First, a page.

In Further Detail: Among many factors, this is the primary one that killed Elijah McClain. Once the Aurora police instigated the fight with McClain and subdued him, a paramedic sedated him with ketamine, claiming McClain was showing signs of excited delirium (he of course was not, as the body camera footage later revealed). The ketamine caused a heart attack, in part because McClain received way too much of it for his body size. The EMS personnel also simply accepted the word of the police officers on the scene that McClain needed to be sedated. An investigation by KUNC found that medics sedated 902 people in two and a half years for “excited delirium” and in 17% of those cases, people developed complications before even arriving at a hospital and upon arrival, 20% of these people had to be intubated in order to breathe. One in five! One of the guys who helped come up with the term excited delirium says he would expect around 57 uses in those two and half years. We had 902, and this is from someone who defends the use of ketamine to treat this disputed condition. We are actually probably fortunate that the only known death is McClain’s. Excited delirium is very much a disputed medical condition. It is not recognized by the World Health Organization, the American Psychiatric Association, or the American Medical Association and therefore does not appear in the DSM of mental disorders. In many cases it seems to be used as a simple excuse to give someone a very dangerous injection with far too little oversight. So we need to step in here. There is no excuse for chemically sedating someone absent a true emergency and the police are not qualified to making medical judgments. Body camera footage of several of these incidents (beyond just McClain) shows officers are clearly just reaching for ketamine whenever they meet any resistance at all. Excited delirium is clearly not an emergency situation that requires chemical sedation. If we are going to use any of these dangerous drugs outside of a hospital, then we better be giving the right dose. For the bystander and failure to intervene provisions, this follows along the path laid out by last year’s mammoth reform of police use of force. It attacks the culture that views these acts as permissible (and it is quite simply the right thing to do). It also shows results in data. For excessive use of force, places with a duty to intervene in a similar manner to this bill showed a 9% drop in police killings. On the board changes, in the wake of McClain’s death the current board saw fit to just rubber stamp existing EMS practices around chemical restraint. This is clearly unacceptable and we need more voices on this board with expertise in drugs. It is clear the EMS personnel and physicians stand mostly alone in their belief that widespread use of chemical restraints is justified (and note that these are not trained psychologists or psychiatrists). Note that the bill still allows the use of chemical restraints in clear emergency situations.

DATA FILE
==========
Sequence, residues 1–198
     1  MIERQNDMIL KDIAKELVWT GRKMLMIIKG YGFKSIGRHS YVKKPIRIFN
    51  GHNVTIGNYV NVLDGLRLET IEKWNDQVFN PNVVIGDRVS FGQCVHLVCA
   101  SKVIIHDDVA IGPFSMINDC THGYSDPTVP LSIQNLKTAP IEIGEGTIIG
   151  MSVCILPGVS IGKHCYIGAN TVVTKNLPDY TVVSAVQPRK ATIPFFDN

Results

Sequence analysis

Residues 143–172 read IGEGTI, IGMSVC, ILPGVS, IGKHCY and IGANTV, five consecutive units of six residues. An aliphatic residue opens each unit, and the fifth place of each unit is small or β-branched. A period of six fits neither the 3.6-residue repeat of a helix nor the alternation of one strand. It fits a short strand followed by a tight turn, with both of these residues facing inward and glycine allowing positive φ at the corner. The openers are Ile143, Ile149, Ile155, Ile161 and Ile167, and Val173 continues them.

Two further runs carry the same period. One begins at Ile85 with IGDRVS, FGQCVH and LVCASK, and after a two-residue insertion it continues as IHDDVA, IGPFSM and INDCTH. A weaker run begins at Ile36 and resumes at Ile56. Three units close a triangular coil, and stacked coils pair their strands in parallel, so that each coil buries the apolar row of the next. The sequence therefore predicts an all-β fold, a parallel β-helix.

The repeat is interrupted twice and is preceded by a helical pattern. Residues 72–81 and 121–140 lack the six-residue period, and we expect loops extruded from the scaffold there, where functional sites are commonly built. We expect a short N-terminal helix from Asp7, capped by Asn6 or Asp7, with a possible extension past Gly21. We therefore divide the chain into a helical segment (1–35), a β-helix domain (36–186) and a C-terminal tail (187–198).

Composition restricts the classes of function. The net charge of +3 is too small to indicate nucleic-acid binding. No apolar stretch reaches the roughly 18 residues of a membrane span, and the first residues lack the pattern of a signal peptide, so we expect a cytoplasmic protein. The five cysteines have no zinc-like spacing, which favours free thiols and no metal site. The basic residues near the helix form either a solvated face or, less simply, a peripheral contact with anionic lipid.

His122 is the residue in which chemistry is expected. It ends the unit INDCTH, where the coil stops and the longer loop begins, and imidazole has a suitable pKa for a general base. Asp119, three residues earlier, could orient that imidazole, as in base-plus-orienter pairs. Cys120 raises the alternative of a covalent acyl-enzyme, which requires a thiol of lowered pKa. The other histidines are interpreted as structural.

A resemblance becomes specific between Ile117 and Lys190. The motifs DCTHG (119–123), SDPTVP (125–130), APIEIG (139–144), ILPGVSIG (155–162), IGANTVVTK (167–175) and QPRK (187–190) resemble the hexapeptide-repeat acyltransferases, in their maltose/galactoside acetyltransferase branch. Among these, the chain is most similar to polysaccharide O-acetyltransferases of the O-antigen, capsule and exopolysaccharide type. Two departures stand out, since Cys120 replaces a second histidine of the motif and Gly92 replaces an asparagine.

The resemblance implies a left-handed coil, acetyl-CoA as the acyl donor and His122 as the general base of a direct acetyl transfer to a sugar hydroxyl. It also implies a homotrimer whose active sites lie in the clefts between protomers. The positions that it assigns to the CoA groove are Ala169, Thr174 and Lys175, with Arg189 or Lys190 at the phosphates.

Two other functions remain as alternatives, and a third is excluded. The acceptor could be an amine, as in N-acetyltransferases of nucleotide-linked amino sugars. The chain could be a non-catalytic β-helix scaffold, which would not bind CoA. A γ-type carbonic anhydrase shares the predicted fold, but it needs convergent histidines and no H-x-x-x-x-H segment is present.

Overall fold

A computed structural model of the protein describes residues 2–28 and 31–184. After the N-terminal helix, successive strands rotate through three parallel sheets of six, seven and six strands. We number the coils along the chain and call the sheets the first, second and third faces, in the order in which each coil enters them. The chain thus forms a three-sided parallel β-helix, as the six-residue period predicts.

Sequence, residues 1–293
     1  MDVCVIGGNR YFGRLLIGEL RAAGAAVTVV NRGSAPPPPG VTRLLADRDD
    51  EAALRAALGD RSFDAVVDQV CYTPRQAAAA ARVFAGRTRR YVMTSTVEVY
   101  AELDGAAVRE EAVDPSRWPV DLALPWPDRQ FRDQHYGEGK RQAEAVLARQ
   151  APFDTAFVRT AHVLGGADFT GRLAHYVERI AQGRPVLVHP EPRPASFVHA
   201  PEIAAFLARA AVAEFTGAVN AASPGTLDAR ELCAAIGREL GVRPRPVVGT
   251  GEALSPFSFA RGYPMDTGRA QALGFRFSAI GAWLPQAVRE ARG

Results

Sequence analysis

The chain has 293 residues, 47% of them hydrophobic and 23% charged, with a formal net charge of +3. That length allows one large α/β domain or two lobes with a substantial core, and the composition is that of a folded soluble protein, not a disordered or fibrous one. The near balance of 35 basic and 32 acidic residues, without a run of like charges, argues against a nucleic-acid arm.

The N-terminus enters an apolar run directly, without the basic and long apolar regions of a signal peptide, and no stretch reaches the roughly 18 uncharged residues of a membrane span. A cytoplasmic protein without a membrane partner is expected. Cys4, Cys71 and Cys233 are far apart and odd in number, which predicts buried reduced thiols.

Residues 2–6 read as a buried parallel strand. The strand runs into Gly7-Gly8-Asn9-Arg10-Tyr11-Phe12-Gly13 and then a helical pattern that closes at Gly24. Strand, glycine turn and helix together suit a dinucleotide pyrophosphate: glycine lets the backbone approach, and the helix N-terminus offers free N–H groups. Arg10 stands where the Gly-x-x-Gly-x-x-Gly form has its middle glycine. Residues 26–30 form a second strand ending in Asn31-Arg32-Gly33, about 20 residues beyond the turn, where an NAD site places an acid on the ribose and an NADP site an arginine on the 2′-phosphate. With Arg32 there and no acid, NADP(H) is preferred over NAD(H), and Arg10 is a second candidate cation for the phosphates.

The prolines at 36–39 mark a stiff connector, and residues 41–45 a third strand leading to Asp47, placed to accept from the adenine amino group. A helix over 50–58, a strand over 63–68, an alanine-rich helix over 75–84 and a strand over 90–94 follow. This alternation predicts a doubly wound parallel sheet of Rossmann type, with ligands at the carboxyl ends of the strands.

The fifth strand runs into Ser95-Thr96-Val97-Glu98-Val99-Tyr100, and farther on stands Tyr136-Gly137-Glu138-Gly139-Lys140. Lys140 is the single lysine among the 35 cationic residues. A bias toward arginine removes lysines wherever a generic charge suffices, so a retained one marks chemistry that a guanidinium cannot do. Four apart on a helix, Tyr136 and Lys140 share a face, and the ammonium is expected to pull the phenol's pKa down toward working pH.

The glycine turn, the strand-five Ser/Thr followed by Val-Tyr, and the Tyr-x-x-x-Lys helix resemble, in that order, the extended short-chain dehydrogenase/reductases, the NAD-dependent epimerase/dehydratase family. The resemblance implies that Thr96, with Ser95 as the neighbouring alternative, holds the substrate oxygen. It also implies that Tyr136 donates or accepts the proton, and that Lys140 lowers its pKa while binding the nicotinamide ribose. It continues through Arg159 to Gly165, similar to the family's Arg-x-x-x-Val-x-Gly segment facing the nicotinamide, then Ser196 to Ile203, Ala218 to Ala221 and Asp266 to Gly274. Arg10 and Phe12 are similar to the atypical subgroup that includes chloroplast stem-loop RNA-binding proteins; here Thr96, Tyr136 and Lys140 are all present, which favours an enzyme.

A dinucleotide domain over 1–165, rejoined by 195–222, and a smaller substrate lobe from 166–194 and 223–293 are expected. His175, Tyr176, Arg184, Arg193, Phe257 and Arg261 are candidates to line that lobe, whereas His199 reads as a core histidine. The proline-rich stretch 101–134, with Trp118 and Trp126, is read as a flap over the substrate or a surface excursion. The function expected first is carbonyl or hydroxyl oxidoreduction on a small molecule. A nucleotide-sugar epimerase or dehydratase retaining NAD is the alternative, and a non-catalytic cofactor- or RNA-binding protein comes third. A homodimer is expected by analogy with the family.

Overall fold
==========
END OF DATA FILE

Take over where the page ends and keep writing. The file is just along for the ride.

Arguments Against:

Bottom Line:

  • The American College of Emergency Physicians does accept excited delirium as a condition and ketamine is the best way to treat it. That is because one of the hallmarks of excited delirium is attempts at violence with unexpected strength and ketamine works fast